There is an inner and an outer circle of redemption, if we may say so, both having a common center in the cross. The larger describes the limits of a possible and provisional salvation; the smaller, those of an actual and realized salvation. The whole world is comprehended in the one; only those who believe are included in the other: "God who is the Saviour of all men, especially of those that believe" (I Timothy 4:10). The relationship which those in the outer circle hold to Christ is that of members of the human race to its second Head. The relationship which those in the inner circle hold to Him is that of members of the Body of Christ to the Head of the Church. The first relationship renders Christ's redemption provisionally the redemption of every individual of the race; the second renders it actually such to every true believer. So that when the apostle says, "If one died for all, then all died" (II Corinthians 5:14), we under stand his meaning to be that all mankind died potentially in their representative. Such is the blessed provision and stipulation, if we may say so, of the atonement. But while He, who could set no limits to His love, "tasted death for every man," alas, how many refuse to taste His death, and through faith owning themselves one with Him, to taste their own death to sin in His!
As clearly now as we are forbidden by the Scriptures to extend the possibility of a vital and saving union to Christ beyond the boundaries of this inner circle of redemption, so clearly should our faith in the reality of the Christian's oneness with his Lord forbid us to admit such words as nominal and judicial within the limits of this inner circle. Here we are beyond all legal fictions. "We are in Him that is true." And as fully as we believe that His death was real, and no vain proffer, so must we believe that our death in Him was real, since we are members of His Body. The cross deals not with our sins apart from ourselves. It permits us not to lay our transgressions upon the divine victim, and yet stand ourselves afar off, and without personal communion with His sufferings.
In the typical sacrifice, the hands of the offerer were laid upon the head of the offering, and thus was declared the identity of the offerer and the offering. In the antitype, faith lays its hand upon the head of the Lamb of God, not simply that it may thereby transfer guilt to the guilt-bearer, but that it may join in solemn unity of suffering, the sinner and the sin-offering. Thus the judgment of the cross is intensely personal. Not sin only, but nature; not nature only, but personality is there brought to trial. "Knowing this, that our old man was crucified with him" (Romans 6:6). The nail that pierced the handwriting of ordinances that was against us to blot it out, went deeper, and transfixed also the subjects of those ordinances to inflict on them the penalty it prescribed. And now henceforth we behold Christ and His Church scarred with the same wounds. And they who once could only ask of the Redeemer, "What are these wounds in thy hands?" can now answer their question by showing their own hands and saying, "I bear in my body the marks of the Lord Jesus."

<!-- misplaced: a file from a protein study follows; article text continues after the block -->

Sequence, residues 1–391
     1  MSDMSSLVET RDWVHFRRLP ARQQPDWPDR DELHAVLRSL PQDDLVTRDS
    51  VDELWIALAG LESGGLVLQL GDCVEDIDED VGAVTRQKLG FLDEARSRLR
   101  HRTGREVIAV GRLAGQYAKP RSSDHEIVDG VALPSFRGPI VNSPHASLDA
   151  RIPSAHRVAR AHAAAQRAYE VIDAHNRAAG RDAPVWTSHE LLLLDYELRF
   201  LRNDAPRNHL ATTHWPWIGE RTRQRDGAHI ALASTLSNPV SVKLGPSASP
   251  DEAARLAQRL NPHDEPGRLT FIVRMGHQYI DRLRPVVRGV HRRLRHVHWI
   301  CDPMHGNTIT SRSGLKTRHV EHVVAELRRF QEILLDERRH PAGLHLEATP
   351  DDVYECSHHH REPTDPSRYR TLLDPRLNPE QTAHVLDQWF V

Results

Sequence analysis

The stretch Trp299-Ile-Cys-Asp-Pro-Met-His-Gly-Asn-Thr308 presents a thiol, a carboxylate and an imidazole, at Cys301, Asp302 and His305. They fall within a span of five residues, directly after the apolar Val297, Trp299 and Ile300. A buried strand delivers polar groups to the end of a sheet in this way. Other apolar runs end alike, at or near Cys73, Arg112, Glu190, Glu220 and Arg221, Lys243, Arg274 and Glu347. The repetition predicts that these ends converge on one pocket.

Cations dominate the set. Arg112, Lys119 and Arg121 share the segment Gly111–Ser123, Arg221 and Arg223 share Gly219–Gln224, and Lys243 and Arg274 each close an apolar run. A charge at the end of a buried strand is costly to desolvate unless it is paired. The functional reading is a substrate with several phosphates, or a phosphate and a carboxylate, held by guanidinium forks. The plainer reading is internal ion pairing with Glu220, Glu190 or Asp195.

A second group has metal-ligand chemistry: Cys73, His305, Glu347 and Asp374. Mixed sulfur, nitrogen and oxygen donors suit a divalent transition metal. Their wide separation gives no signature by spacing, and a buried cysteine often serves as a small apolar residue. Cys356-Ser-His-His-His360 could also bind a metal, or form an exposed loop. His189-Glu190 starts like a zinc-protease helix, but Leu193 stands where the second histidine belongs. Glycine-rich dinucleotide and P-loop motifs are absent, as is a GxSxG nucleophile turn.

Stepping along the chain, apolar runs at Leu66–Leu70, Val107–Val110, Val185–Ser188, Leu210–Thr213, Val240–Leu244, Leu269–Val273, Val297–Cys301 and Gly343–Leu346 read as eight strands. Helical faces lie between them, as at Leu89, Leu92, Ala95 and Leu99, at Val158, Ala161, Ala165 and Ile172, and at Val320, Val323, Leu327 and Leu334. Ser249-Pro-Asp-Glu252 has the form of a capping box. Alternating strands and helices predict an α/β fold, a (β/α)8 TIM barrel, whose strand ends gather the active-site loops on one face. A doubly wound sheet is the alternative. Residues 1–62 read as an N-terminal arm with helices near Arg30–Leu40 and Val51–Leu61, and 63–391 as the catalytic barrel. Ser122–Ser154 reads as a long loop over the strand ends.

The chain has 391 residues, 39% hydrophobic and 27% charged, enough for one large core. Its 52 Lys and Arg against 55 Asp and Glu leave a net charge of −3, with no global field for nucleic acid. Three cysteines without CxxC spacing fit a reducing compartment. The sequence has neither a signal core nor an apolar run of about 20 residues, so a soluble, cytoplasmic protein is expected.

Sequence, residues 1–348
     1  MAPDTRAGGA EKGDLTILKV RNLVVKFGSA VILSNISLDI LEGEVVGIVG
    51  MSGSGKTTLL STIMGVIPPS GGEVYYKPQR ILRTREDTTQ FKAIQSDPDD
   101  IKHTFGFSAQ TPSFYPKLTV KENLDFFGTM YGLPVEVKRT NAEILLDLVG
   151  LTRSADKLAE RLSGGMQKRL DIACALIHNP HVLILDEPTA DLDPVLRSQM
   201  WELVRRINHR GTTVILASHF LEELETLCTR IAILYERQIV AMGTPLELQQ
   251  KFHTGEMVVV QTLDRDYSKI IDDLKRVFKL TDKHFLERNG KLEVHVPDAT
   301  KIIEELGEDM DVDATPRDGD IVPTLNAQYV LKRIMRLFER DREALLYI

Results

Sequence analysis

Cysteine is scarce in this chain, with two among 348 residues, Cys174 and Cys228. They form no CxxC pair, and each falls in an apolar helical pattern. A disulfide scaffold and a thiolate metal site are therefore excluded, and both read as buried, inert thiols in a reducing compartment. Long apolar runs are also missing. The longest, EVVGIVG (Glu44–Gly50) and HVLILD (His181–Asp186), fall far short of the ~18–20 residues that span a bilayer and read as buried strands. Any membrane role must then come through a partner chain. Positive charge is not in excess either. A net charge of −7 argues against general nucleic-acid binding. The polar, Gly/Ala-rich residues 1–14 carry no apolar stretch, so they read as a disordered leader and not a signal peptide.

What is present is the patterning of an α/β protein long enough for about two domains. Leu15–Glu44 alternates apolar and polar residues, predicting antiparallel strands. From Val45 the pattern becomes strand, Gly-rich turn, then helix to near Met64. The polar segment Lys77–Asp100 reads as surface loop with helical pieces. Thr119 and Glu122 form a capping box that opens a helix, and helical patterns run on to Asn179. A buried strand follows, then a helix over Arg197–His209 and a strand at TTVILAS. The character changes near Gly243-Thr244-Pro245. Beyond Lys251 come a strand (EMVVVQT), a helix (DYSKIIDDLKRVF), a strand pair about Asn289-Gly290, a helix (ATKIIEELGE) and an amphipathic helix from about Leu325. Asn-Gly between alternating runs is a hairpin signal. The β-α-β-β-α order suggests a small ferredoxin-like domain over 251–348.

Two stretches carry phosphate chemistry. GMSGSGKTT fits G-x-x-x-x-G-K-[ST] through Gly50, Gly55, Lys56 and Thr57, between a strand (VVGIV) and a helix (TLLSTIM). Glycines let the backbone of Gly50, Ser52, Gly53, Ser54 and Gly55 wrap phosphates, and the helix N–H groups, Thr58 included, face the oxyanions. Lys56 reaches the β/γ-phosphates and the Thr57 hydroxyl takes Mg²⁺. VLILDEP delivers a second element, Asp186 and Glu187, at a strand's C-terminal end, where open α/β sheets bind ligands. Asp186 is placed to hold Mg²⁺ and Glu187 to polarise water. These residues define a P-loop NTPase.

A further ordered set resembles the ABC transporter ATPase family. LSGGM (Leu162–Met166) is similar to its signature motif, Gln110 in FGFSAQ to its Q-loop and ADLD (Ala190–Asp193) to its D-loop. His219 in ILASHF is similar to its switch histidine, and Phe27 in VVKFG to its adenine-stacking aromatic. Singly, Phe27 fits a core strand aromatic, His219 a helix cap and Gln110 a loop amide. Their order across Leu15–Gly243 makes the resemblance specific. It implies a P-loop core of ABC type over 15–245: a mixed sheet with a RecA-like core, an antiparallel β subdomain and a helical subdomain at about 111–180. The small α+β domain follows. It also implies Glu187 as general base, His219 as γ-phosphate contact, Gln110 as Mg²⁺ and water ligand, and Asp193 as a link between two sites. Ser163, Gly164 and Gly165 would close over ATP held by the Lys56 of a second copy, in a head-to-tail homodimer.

While now some reject this heritage of the cross by their denial of Christ, many also by denying Adam's sin deny Christ's death, and thrust it from them! The bitterest repining which the human heart has ever known has been against that utterance of the Spirit, "By one man's disobedience many were made sinners" (Romans 5:19). But may it not be that that solemn law, which makes the fall of one involve the fall of many, is the only law which could make the rising of one to be the rising of many? A common nature ruined would seem even by its overshadowing curse to proclaim the possibility of a common nature redeemed. Who knows whether if men could only have sinned and fallen as separate units, they must not have been restored by separate redemptions? We will not speculate on such a theme. Rather will we joyfully return to what God has revealed, that as in the sin of one "all have sinned" (Romans 5:12), so in the penal death of one "all died" (II Corinthians 5:14). All died! Wonderful words! Christ's death does not supersede ours. It implies and recognizes it, as, in the civil compact, the vote of the representative implies the vote of the people. What Christ did for us, was done by us in the divine reckoning, because done by Him who was of us as Head and surety.
We say Christ died that we might live. In a deeper sense it is true that He died that we might die, might die a death painless to ourselves but satisfying to the law -- a death of such intensity and merit that it should expiate at once the penalty of our sins, instead of requiring an eternity of woe. Oh, blessed privilege! "Ye shall indeed drink of my cup," is a promise realized unto us as well as unto the two disciples. But it is only a cup of blessing to us. He drank the vinegar and gall of pain and agony. He leaves us only the precious wine of consolation. And thus we enter into communion with His sufferings, and become partakers of His death. "If one died for all, then all died." But how differently the One from the all! He bore the pain of death; they bear only the merit of it. He gives infinite worthiness to the act by His divinity; they receive the purchase of the act in their humanity. And yet nothing is deducted from the full assurance that they have died. Such "is the personal initiation into the mystery of sacrifice" which we receive through faith.